Each alliance believes that the combined vote share of individual parties can defeat the other side. But is that likely to work in a post-Karunanidhi, post-Jayalalithaa political era?

Why alliance arithmetic may not matter in Tamil Nadu in 2019
news Opinion Wednesday, February 20, 2019 - 19:09

Elections, they say, very often boil down to arithmetic. Tamil Nadu’s political parties have been quick to draw their battle lines, picking their side even though the Election Commission is yet to sound the poll bugle for the 2019 General Elections.

The ruling AIADMK, which looked friendless just weeks ago, will go into the Lok Sabha Election with the BJP and PMK by its side. Driving a hard bargain, Vijayakant’s DMDK may also jump on board the AIADMK+ bandwagon. Chief Minister Edappadi Palaniswami and co are also counting on smaller parties like GK Vasan’s Tamil Manila Congress (TMC), Dr K Krishnaswamy’s Puthiya Tamilagam (PT), and the Indhiya Jananayaga Katchi (IJK) to shore up the alliance.

On the other side, the DMK led by MK Stalin has firmed up an alliance with its trusted ally the Congress. The Left parties, the VCK, and the MDMK, are also a part of the alliance with seat sharing talks still underway.

So as things stand today, Tamil Nadu’s election could very well be:

AIADMK + BJP + PMK + DMDK + TMC + PT + IJK, versus DMK + Congress + VCK + MDMK + CPI(M) + CPI.

Each alliance believes that the combined vote share of the individual parties can defeat the other side in the parliamentary polls. But is that likely to work in a post-Karunanidhi, post-Jayalalithaa political era in the state?

Let’s break it down.

The math

In the 2016 Assembly Elections, the Jayalalithaa-led AIADMK’s vote share was 40.8%. The PMK, which had chosen to go it alone for the first time by contesting in all seats, notched up a vote share of 5.3% despite coming a cropper. The BJP, which also drew a blank, had a vote share of 2.8%. The DMDK, which had aligned with the People’s Welfare Front, comprising of the Left parties, the VCK and the MDMK, was perhaps the biggest loser in the 2016 Assembly Elections – Vijayakant’s party saw its vote share tumbling down to 2.4%. The TMC and PT each have a vote share of 0.5%.  That’s a combined vote share of 52.3%

As per Election Commission data 

Although the DMK improved its performance in the 2016 Assembly Elections, gaining a vote share of 31.6%, it was not enough to beat the Jayalalithaa juggernaut. Its ally, the Congress, saw its vote share dip in 2016 recording 6.4%. CPI, CPI(M), VCK and MDMK which were part of the People’s Welfare Front had a vote share of 0.8%, 0.7%, 0.8% and 0.9% respectively. DMK’s alliance would then have a combined vote share of 41.2%.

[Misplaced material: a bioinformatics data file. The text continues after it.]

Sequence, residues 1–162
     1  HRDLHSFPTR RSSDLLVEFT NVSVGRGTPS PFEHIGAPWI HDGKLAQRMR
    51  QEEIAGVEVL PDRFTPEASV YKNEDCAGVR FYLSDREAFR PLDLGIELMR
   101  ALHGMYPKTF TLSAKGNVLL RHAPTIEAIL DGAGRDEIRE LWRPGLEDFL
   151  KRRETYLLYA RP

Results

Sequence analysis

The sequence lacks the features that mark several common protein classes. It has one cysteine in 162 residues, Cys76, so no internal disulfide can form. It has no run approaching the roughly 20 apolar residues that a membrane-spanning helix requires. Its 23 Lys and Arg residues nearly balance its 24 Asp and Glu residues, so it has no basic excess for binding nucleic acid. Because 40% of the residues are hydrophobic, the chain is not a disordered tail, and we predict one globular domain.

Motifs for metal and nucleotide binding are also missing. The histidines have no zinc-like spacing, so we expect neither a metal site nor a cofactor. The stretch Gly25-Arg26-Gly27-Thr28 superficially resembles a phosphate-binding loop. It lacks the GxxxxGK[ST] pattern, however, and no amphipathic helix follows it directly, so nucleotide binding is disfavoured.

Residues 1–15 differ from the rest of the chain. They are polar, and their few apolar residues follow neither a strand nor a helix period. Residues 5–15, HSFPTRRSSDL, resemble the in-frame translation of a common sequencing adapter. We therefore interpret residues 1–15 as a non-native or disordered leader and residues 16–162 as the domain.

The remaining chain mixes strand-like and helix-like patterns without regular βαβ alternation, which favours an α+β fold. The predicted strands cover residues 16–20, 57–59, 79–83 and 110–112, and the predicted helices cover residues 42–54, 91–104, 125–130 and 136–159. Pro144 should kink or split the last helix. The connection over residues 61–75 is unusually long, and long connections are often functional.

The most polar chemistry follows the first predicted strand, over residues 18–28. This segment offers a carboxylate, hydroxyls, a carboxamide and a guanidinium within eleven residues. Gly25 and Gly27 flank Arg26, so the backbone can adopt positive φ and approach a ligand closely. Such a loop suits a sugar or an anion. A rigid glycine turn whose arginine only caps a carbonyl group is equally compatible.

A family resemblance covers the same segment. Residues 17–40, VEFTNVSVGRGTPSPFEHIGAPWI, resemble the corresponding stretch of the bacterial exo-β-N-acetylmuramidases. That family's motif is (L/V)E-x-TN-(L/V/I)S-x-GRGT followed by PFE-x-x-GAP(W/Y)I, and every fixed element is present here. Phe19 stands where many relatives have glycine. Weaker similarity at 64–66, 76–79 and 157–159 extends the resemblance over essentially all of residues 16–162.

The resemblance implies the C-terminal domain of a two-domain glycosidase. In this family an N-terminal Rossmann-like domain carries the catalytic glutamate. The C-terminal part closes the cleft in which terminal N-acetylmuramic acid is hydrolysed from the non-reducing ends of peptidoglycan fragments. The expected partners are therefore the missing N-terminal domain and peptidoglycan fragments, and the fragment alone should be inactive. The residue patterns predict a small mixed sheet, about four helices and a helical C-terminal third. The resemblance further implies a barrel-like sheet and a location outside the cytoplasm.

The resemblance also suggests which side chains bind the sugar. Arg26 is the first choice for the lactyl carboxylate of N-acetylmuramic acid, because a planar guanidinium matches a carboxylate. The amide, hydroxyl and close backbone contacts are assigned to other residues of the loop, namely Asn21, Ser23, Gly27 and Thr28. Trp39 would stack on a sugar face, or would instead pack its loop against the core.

Based purely on the 2016 performance, it appears that the AIADMK alliance has the numbers. But let’s not forget state elections are different from Parliamentary elections. The stakes are different for voters and for political parties.

If one were to go by the 2014 Lok Sabha Elections, the AIADMK’s mega alliance with a combined vote share of 59.9% would defeat the DMK combine (33.9%) by a huge margin. Jayalalithaa, whose Prime Ministerial ambitions were well-known, had swept the polls in 2014 winning 37 out of the 39 seats in Tamil Nadu. The DMK was routed, failing to win a single seat.

The political reality

But the fact of the matter is, AIADMK and DMK are very different political sides going into 2019. The absence of Jayalalithaa and Karunanidhi for the Dravidian heavyweights is likely to have a significant impact on their respective vote shares. The question, however, is how much?

The threat of an eroding vote share is more real for the AIADMK under Edappadi Palaniswami, given that Jayalalithaa’s one-woman campaign across the state in 2014 had swung the elections in favour of the two-leaves symbol. Add TTV Dhinakaran and his AMMK into the mix, which is likely to take away a sizeable chunk of AIADMK’s vote share. Also, factor in anti-incumbency for the AIADMK at the state and BJP at the Centre and the formidable alliance’s arithmetic further falters.

2019 should be MK Stalin’s for the taking. But a number of factors weigh down the DMK alliance. Despite A Raja and M Kanimozhi being acquitted in the 2G case, the DMK has not been able to shed the tag of corruption. With A Raja, Kanimozhi and Dayanidhi Maran expected to get a seat in the Lok Sabha Elections, the AIADMK and the BJP will no doubt target the DMK-Congress alliance over corruption during the UPA era.

With Jayalalithaa no longer on the electoral scene, the anti-AIADMK votes should go to the DMK. But it may not be so simple. While TTV Dhinakaran could split the AIADMK’s vote, he may end up playing spoilsport for the DMK as well.  

Actor-turned-politician Kamal Haasan, who will be making his political debut, has bravely declared that his MNM party will contest all seats. And while the DMK-Congress may brush aside Kamal Haasan’s political significance, the alliance should be cautious not to underestimate the actor’s potential to take away the ‘secular vote’ – especially in constituencies where it could go down to the wire.

In many ways, parties and poll pundits in Tamil Nadu are going into the Lok Sabha elections blind – much of the state’s electoral past may come to nought at the ballot box. So, while, the AIADMK may have chosen to announce its alliance with the PMK and the BJP on Tuesday after ‘Rahu kaalam’ on an ‘auspicious day’, EPS and the mega alliance will need much more than the stars aligning for its electoral arithmetic to add up on polling day. And Team DMK-Congress cannot rest easy in the belief that anti-incumbency will work in their favour.

Anna Isaac has reported on politics in Tamil Nadu for more than a decade. 

Views are author's own

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